Mycology (from the Greek μύκης, mukēs, meaning "fungus") is the branch of biology concerned with the study of fungi, including their genetic and biochemical properties, their taxonomy and their use to humans as a source for tinder, medicinals (e.g., penicillin), food (e.g., beer, wine, cheese, edible mushrooms) and entheogens, as well as their dangers, such as poisoning or infection.

From mycology arose the field of phytopathology, the study of plant diseases, and the two disciplines remain closely related because the vast majority of "plant" pathogens are fungi. A biologist who studies mycology is called a mycologist.

Historically, mycology was a branch of botany because, although fungi are evolutionarily more closely related to animals than to plants, this was not recognized until a few decades ago. Pioneer mycologists included Elias Magnus Fries, Christian Hendrik Persoon, Anton de Bary and Lewis David von Schweinitz.

Many fungi produce toxins, antibiotics and other secondary metabolites. For example the cosmopolitan (worldwide) genus Fusarium and their toxins associated with fatal outbreaks of alimentary toxic aleukia in humans were extensively studied by Abraham Joffe.

Fungi are fundamental for life on earth in their roles as symbionts, e.g. in the form of mycorrhizae, insect symbionts and lichens. Many fungi are able to break down complex organic biomolecules such as lignin, the more durable component of wood, and pollutants such as xenobiotics, petroleum, and polycyclic aromatic hydrocarbons. By decomposing these molecules, fungi play a critical role in the global carbon cycle.

Fungi and other organisms traditionally recognized as fungi, such as oomycetes and myxomycetes (slime molds), often are economically and socially important as some cause diseases of animals (such as histoplasmosis) as well as plants (such as Dutch elm disease and Rice blast).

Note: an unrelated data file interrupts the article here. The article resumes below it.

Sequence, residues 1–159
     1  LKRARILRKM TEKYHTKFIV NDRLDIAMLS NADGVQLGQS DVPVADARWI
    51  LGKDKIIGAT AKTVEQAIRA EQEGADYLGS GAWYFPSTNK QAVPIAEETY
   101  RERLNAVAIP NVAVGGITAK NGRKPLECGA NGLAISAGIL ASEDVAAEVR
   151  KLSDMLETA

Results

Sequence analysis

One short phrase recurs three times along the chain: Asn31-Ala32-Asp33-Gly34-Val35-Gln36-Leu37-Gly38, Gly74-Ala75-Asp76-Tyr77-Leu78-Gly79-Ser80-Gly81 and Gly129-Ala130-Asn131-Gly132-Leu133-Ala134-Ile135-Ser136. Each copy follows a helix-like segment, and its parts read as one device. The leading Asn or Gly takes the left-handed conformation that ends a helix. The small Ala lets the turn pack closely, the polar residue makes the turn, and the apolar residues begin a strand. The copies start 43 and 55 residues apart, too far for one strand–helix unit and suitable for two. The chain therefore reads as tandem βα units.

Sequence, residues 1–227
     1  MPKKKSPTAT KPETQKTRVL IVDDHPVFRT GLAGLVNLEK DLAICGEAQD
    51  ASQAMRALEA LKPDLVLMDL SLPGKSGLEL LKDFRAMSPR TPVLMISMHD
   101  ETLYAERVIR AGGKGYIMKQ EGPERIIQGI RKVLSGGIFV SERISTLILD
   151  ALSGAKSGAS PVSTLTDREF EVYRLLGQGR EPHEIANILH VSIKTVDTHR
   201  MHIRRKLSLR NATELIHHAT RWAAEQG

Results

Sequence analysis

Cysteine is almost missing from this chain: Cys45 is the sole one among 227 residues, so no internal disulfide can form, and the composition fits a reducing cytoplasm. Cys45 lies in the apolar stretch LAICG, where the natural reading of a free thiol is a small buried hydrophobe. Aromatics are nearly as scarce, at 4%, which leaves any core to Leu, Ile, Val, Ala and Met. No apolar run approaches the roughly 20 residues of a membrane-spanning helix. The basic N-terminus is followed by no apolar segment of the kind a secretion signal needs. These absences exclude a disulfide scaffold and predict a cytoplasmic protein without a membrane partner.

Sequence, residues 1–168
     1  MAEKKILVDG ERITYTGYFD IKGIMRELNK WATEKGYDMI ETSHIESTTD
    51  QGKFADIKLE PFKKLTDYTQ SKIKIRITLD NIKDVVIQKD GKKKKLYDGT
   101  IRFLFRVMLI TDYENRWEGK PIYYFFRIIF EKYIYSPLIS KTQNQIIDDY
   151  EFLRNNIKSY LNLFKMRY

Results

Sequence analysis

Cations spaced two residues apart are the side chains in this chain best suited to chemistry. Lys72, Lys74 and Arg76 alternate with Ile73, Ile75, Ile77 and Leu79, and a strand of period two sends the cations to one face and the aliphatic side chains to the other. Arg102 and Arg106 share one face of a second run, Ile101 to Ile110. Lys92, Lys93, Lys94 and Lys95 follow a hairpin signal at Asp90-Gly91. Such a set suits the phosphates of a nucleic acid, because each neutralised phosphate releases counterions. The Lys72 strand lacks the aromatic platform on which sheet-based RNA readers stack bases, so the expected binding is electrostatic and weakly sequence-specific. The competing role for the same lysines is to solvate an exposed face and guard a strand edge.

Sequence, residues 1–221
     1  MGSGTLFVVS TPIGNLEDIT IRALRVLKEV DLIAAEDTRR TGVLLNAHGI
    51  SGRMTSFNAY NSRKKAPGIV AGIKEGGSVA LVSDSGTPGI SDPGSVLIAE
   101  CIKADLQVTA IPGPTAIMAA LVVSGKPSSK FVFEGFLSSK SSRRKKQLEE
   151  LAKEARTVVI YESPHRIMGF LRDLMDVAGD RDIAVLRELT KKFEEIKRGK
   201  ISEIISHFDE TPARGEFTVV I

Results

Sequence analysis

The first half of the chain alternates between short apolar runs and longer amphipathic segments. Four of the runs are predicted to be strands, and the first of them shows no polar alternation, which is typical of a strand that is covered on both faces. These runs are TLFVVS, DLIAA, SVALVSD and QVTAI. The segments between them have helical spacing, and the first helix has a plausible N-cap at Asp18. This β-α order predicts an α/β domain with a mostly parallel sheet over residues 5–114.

Field meetings to find interesting species of fungi are known as 'forays', after the first such meeting organized by the Woolhope Naturalists' Field Club in 1868 and entitled "a foray among the fungi."

Some fungi can cause disease in humans or other organisms. The study of pathogenic fungi is referred to as medical mycology.

Read more about Mycology:  History, Medicinal Mycology

Other articles related to "mycology":

List Of Puerto Rican Scientists And Inventors - Mycology
... Mycology is the branch of biology concerned with the study of fungi, including their genetic and biochemical properties, their taxonomy and their use ... The term mycology and the complimentary mycologist were first used in 1836 by M.J ...
Deutschsprachige Mykologische Gesellschaft
... founded in 1961 as a platform for all scientists of the German-speaking area who are interested in mycology either from a medical or veterinary standpoint, i.e ... medical mycology or veterinary mycology ... Working parties for “clinical mycology” as well as “mycological laboratory diagnostics” make major contributions to the work of the society ...
Ramakrishna Mission Vivekananda College - Scientific Research - Vivekananda Institute of Tropical Mycology (VINSTROM)
... Suryanarayanan for over twenty five years in experimental mycology, environmental mycology, marine mycology and endophyte ecology and physiology brought international recognition to the college in general ... Satyapriyananda, created a separate institute – Vivekananda Institute of Tropical Mycology (VINSTROM) in 2005 to continue the research in mycology under the Directorship of Dr ...
Curtis Gates Lloyd - Career
... Lloyd's interest in mycology was initiated after a meeting with A.P ... In the article "The Myths of Mycology" (1917) he wrote.. ... bring about, the abolition of personal advertisements in mycology ...
Medicinal Mycology
... Current research focuses on mushrooms that may have hypoglycemic activity, anti-cancer activity, anti-pathogenic activity, and immune system enhancing activity ... Recent research has found that the oyster mushroom naturally contains the cholesterol-lowering drug lovastatin, mushrooms produce large amounts of vitamin D when exposed to UV light, and that certain fungi may be a future source of taxol ...